Encyclopedia of Fantasy (1997)

A principal God of Greek and Roman mythology. Arrows fired from his bow were a significant instrument of divine punishment, but he functioned also as a deliverer and as a patron of Oracles. His place in modern fantasy is more associated with his minor role as the god of Music. He was also the god to whom Sacrifices were offered when new towns were founded (thereby tacitly appointing him "god of civilization"); for this reason he was deployed as a crucial symbol by Friedrich Nietzsche (1844-1900) in The Birth of Tragedy (1872), which used the terms "Apollonian" and "Dionysian" (> Dionysus) to compare and contrast ascetic and hedonistic cultural phases. Nietzsche's notion of Apollonian ideals is neatly unpacked in Evander (1919) by Eden Phillpotts. Apollo's symbolic presence as Sun-god is vital to The Arrows of the Sun (1949) by Ivor Bannet. He plays a leading role in "The Substitute for Apollo" (1833) by John Sterling, "The Dumb Oracle" (1878) and "The Poet of Panopolis" (1888) by Richard Garnett, "The Gods and Ritter Tanhuser" (1913) by Vernon Lee, "Under the Sun" (1923) by R Ellis Roberts (1879-1953) and The Mask of Circe (1948; 1975) by Henry Kuttner. [BS]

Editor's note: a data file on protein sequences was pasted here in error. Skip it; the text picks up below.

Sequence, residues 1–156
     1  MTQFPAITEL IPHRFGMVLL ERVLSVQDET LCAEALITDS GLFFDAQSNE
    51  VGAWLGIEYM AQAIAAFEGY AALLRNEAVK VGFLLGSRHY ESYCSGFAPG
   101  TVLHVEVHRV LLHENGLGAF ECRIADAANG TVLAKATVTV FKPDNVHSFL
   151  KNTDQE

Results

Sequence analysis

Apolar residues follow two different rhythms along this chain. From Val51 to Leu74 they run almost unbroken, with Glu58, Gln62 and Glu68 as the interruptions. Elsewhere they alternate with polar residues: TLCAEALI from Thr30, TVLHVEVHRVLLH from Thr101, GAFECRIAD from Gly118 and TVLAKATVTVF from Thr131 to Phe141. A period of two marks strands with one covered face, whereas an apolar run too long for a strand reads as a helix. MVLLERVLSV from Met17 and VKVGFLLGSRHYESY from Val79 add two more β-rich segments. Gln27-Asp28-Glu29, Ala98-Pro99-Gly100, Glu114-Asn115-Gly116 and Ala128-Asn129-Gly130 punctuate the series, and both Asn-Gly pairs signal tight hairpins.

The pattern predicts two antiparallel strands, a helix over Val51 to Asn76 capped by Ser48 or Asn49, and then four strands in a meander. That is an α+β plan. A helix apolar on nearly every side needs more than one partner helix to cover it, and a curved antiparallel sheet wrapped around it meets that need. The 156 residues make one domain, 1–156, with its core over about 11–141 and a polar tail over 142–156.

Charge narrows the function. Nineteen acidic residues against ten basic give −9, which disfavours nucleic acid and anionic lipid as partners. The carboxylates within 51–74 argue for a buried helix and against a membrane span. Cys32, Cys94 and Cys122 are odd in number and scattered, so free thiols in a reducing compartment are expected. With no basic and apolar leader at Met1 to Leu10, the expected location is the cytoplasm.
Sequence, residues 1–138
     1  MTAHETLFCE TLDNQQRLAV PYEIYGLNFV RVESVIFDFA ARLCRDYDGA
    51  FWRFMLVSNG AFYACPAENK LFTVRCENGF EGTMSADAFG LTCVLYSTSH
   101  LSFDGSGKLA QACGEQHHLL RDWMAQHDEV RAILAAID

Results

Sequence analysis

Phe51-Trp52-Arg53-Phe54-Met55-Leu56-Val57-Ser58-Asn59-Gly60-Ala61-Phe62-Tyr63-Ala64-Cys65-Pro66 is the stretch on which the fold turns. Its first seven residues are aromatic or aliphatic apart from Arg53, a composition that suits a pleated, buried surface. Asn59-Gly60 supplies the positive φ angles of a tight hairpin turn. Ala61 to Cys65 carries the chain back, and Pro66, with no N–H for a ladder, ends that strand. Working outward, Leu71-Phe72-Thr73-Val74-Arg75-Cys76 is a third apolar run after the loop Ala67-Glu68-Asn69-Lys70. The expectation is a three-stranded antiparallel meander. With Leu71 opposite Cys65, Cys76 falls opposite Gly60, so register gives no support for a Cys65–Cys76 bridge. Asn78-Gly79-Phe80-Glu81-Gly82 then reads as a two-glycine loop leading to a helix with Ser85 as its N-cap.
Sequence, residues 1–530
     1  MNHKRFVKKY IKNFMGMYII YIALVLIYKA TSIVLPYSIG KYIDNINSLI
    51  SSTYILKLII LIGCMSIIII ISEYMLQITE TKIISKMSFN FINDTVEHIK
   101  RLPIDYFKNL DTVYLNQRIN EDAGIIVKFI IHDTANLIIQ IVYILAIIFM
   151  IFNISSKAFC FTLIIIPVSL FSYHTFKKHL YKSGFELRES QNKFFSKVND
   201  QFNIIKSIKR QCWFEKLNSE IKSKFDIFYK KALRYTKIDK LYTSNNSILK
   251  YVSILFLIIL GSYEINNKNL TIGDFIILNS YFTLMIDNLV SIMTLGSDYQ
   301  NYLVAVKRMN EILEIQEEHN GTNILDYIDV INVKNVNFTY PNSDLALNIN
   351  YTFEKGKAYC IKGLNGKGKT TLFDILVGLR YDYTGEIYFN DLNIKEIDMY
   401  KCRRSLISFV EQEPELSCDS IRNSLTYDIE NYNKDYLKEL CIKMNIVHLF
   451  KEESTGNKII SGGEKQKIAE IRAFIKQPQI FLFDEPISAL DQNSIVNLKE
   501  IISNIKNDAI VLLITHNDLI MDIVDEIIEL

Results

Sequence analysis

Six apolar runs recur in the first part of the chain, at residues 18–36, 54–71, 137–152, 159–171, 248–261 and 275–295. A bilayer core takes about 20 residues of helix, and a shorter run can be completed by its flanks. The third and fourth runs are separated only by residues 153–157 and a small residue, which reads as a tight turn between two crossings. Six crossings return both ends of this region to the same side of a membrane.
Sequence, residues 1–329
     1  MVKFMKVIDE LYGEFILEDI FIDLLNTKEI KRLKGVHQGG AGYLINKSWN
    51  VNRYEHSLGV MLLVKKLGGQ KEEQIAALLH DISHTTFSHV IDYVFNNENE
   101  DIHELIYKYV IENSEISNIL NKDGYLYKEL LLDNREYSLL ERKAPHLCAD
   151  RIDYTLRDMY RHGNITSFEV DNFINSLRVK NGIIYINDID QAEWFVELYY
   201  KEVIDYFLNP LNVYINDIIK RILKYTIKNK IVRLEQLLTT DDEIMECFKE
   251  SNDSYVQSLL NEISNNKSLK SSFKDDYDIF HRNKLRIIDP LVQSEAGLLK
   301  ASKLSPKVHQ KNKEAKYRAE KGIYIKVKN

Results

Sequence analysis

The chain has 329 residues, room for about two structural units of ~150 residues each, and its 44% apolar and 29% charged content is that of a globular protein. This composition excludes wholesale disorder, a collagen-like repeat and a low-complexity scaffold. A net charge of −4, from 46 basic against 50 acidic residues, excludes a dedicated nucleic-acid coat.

This entry is taken from the Encyclopedia of Fantasy (1997) edited by John Clute and John Grant. It is provided as a reference and resource for users of the SF Encyclopedia, but apart from possible small corrections has not been updated.